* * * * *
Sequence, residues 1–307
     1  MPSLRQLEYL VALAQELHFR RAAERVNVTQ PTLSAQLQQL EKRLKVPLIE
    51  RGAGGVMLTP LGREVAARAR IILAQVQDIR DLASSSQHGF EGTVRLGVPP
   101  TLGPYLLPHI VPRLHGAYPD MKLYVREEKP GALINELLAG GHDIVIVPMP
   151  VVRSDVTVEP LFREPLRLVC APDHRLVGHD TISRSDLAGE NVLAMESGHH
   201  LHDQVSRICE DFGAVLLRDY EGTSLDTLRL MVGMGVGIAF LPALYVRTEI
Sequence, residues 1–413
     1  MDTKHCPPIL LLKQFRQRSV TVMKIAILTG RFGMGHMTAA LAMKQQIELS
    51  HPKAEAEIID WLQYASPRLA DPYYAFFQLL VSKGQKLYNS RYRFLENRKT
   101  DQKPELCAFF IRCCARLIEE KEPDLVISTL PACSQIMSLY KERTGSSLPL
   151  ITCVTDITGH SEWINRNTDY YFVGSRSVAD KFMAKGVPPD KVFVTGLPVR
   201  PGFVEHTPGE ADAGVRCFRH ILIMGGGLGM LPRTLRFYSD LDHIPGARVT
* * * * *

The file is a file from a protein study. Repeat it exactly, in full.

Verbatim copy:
Sequence, residues 1–307
     1  MPSLRQLEYL VALAQELHFR RAAERVNVTQ PTLSAQLQQL EKRLKVPLIE
    51  RGAGGVMLTP LGREVAARAR IILAQVQDIR DLASSSQHGF EGTVRLGVPP
   101  TLGPYLLPHI VPRLHGAYPD MKLYVREEKP GALINELLAG GHDIVIVPMP
   151  VVRSDVTVEP LFREPLRLVC APDHRLVGHD TISRSDLAGE NVLAMESGHH
   201  LHDQVSRICE DFGAVLLRDY EGTSLDTLRL MVGMGVGIAF LPALYVRTEI
Sequence, residues 1–413
     1  MDTKHCPPIL LLKQFRQRSV TVMKIAILTG RFGMGHMTAA LAMKQQIELS
    51  HPKAEAEIID WLQYASPRLA DPYYAFFQLL VSKGQKLYNS RYRFLENRKT
   101  DQKPELCAFF IRCCARLIEE KEPDLVISTL PACSQIMSLY KERTGSSLPL
   151  ITCVTDITGH SEWINRNTDY YFVGSRSVAD KFMAKGVPPD KVFVTGLPVR
   201  PGFVEHTPGE ADAGVRCFRH ILIMGGGLGM LPRTLRFYSD LDHIPGARVT